Scientists led a rat to the fatty food, but they couldn’t make it eat. Using an animal model of binge eating, University of Missouri researchers discovered that deactivating the basolateral amygdala, a brain region involved in regulating emotion, specifically blocked consumption of a fatty diet. Surprisingly, it had no effect on the rat wanting to look for the food repeatedly.
“It appears that two different brain circuits control the motivation to seek and consume,” said Matthew Will, assistant professor of psychological sciences in the MU College of Arts and Science and investigator in the Christopher S. Bond Life Sciences Center. “Understanding how this circuit in the brain works may provide insight into the exact networks and chemicals in our brain that determine the factors influencing our feeding habits.”
The release of opioids, pleasure chemicals that can lead to euphoria, into the brain produces binge eating in non-hungry rats. Will and his team of researchers determined that deactivating the basolateral amygdala blocked this type of binge eating.
“A key to curbing the obesity epidemic in America is controlling the desire to binge eat,” Will said. “Humans have more programming to start and continue eating than to stop eating, especially when they have a bowl of ice cream in front of them. Most of us would finish it even if we weren’t hungry.”
Deactivating the basolateral amygdala had no effect on feeding in rats that were simply deprived of food for 24 hours. This suggests that the basolateral amygdala is specifically involved in the overconsumption of food based on its palatability or pleasure driven by opioids, rather than the level of hunger.
“The finding that the basolateral amygdala only appears involved in the opioid produced consumption was the most surprising part of the study,” Will said. “Normally, if a rat stops eating, they will go lay down and take it easy. In this case, they showed all signs of still wanting to eat, but didn’t.”
In the past when food availability was scarce, humans may have needed this “binge eating” regulation to eat enough food when it was available. Now, when humans have access to foods high in sugar and fat 24 hours a day, this regulation can cause humans to overeat.
The study, “Behavioral Characterization of Amygdala Involvement in Mediating Intra-Accumbens Opioid-Driven Feeding Behavior,” was published in August in Behavioral Neuroscience.
Kelsey Jackson | EurekAlert!
Not of Divided Mind
19.01.2017 | Hertie-Institut für klinische Hirnforschung (HIH)
CRISPR meets single-cell sequencing in new screening method
19.01.2017 | CeMM Forschungszentrum für Molekulare Medizin der Österreichischen Akademie der Wissenschaften
An important step towards a completely new experimental access to quantum physics has been made at University of Konstanz. The team of scientists headed by...
Yersiniae cause severe intestinal infections. Studies using Yersinia pseudotuberculosis as a model organism aim to elucidate the infection mechanisms of these...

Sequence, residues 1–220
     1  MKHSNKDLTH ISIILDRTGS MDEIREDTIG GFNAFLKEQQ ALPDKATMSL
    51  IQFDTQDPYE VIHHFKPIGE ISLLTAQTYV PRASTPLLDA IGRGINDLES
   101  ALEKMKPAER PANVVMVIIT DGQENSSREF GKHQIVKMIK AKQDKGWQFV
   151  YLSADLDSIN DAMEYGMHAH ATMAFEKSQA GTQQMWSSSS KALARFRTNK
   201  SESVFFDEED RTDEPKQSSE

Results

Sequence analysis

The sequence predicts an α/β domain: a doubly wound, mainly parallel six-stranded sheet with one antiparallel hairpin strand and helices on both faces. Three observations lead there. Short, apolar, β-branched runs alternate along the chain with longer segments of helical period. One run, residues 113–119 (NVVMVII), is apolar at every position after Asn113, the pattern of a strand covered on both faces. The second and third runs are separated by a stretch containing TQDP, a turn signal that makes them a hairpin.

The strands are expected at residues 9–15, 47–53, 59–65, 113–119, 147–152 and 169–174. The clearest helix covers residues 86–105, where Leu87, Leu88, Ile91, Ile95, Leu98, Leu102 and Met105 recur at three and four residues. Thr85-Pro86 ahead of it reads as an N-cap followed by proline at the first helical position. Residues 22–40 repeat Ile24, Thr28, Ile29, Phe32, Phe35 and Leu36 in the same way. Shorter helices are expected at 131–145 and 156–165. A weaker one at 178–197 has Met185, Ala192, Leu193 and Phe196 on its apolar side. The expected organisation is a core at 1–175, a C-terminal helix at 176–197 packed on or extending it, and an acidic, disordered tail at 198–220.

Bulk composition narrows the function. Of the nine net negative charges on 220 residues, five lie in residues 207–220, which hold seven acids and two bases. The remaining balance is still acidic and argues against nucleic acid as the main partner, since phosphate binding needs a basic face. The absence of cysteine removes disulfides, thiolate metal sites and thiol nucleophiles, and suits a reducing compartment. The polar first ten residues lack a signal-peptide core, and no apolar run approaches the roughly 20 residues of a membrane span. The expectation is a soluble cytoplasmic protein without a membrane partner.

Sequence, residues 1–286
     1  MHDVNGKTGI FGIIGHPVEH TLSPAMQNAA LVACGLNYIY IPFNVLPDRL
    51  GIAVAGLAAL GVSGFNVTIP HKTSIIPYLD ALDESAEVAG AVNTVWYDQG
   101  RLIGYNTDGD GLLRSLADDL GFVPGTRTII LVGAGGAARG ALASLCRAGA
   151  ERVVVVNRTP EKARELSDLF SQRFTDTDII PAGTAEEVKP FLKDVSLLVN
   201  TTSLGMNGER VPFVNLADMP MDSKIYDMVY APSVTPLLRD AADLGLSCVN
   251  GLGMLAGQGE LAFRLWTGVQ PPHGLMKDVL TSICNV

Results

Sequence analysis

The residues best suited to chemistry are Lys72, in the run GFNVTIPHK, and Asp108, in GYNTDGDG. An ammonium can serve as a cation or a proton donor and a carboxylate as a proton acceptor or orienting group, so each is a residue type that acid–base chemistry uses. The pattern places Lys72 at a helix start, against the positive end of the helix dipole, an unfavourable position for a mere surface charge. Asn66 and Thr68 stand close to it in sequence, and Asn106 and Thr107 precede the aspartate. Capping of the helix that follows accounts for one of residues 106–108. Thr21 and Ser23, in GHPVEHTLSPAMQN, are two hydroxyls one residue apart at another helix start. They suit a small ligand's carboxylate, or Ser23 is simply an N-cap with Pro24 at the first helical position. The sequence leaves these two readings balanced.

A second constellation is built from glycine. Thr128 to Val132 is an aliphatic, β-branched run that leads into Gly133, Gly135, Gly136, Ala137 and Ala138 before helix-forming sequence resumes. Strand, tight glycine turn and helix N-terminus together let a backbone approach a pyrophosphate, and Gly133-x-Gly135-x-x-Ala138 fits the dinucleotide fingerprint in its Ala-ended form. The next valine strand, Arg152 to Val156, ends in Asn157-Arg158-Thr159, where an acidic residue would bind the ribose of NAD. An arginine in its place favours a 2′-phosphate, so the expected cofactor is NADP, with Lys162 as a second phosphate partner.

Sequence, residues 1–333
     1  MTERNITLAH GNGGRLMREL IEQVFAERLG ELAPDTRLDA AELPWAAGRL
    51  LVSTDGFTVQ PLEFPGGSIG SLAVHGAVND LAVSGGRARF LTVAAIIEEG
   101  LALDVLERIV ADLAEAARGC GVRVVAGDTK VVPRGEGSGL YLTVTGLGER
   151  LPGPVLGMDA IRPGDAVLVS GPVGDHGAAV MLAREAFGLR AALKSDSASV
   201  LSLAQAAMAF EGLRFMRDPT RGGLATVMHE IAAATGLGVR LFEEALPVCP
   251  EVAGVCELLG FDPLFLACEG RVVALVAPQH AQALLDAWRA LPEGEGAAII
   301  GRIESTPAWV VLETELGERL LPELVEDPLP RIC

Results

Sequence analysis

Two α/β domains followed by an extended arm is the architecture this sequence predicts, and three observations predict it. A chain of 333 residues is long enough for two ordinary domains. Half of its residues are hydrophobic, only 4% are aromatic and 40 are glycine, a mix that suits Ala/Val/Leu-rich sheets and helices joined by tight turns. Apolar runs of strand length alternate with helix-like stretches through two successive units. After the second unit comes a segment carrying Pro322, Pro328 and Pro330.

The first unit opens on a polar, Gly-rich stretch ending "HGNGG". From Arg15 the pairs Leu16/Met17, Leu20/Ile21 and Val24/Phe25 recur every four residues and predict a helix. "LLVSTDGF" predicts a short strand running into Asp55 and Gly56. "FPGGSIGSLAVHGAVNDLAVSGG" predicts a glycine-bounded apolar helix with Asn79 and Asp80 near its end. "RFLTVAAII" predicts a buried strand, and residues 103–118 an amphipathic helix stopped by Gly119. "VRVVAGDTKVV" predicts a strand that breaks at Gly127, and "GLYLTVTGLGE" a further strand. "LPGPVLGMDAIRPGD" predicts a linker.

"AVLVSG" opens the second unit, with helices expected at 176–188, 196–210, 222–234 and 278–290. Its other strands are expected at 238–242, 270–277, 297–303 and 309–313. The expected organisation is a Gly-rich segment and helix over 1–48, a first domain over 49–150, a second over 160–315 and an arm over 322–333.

Researchers from the University of Hamburg in Germany, in collaboration with colleagues from the University of Aarhus in Denmark, have synthesized a new superconducting material by growing a few layers of an antiferromagnetic transition-metal chalcogenide on a bismuth-based topological insulator, both being non-superconducting materials.
While superconductivity and magnetism are generally believed to be mutually exclusive, surprisingly, in this new material, superconducting correlations...
Laser-driving of semimetals allows creating novel quasiparticle states within condensed matter systems and switching between different states on ultrafast time scales
Studying properties of fundamental particles in condensed matter systems is a promising approach to quantum field theory. Quasiparticles offer the opportunity...
Among the general public, solar thermal energy is currently associated with dark blue, rectangular collectors on building roofs. Technologies are needed for aesthetically high quality architecture which offer the architect more room for manoeuvre when it comes to low- and plus-energy buildings. With the “ArKol” project, researchers at Fraunhofer ISE together with partners are currently developing two façade collectors for solar thermal energy generation, which permit a high degree of design flexibility: a strip collector for opaque façade sections and a solar thermal blind for transparent sections. The current state of the two developments will be presented at the BAU 2017 trade fair.
As part of the “ArKol – development of architecturally highly integrated façade collectors with heat pipes” project, Fraunhofer ISE together with its partners...
19.01.2017 | Event News
10.01.2017 | Event News
09.01.2017 | Event News
19.01.2017 | Earth Sciences
19.01.2017 | Life Sciences
19.01.2017 | Physics and Astronomy